Sometimes you don’t want to stand out as a tourist by whipping out your camera and snapping at everything you see. But I say go ahead! We tend to take pictures of things we see beauty in, which is nothing to be ashamed of. My parents have a huge box of photographs from family holidays that I love to paw through every now and again. You are making memories, so snap away!

Do visit the local grocery store or market

This is by far one of my favourite ways of indulging in local life. Roaming around the neighbourhood store and trying all the delicacies is always fun. I enjoy seeing the deli counter as there is always something different in each country (and sometimes free samples!) Plus, you never know what bargains you might find, for example 1 euro beers in Lidl!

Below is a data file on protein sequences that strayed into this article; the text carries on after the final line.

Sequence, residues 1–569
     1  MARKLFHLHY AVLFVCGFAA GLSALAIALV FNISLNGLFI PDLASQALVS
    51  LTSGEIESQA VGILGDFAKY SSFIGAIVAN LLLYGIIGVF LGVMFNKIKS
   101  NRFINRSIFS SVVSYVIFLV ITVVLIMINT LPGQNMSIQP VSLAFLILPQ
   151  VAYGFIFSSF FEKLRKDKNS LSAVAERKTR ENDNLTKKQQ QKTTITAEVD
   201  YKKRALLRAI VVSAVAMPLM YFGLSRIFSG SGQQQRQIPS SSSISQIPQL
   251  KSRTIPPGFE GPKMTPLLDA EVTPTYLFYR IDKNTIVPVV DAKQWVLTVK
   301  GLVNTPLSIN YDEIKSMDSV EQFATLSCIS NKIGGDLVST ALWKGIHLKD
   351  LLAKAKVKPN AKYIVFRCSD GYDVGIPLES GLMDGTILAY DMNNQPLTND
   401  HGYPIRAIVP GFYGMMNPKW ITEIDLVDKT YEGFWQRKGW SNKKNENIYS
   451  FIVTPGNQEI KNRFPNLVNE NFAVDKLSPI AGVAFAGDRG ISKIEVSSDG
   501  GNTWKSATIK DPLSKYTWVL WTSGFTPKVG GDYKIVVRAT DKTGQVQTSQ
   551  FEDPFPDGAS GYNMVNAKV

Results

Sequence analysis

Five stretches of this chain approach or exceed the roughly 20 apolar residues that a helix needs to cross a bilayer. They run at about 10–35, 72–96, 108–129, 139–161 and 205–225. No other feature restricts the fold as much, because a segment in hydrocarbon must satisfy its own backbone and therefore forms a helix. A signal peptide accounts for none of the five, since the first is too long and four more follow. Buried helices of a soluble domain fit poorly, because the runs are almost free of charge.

Don’t go to Mc Donald’s

Yes, they are everywhere and yes, they are convenient, but I would suggest avoiding them. I can eat these at home, so I try to steer clear of the Big Mac whilst exploring. I know sometimes, around bigger attractions food can get expensive and this is when the lure of Mc Donald’s is strong. Instead have a look around and see if there is somewhere you haven’t eaten before. You don’t have to avoid chains all together, as I’ve commented before, I’ve enjoyed visiting fast food restaurants you can’t get in the UK. A&W, Tim Hortons and In & Out have been great alternatives to Mc Donald’s without breaking the bank.

Do you prefer being a traveller or a tourist? Or like me do you like a bit of both?

 

 

 

 

 

24 thoughts on “Why you shouldn’t be ashamed to be a tourist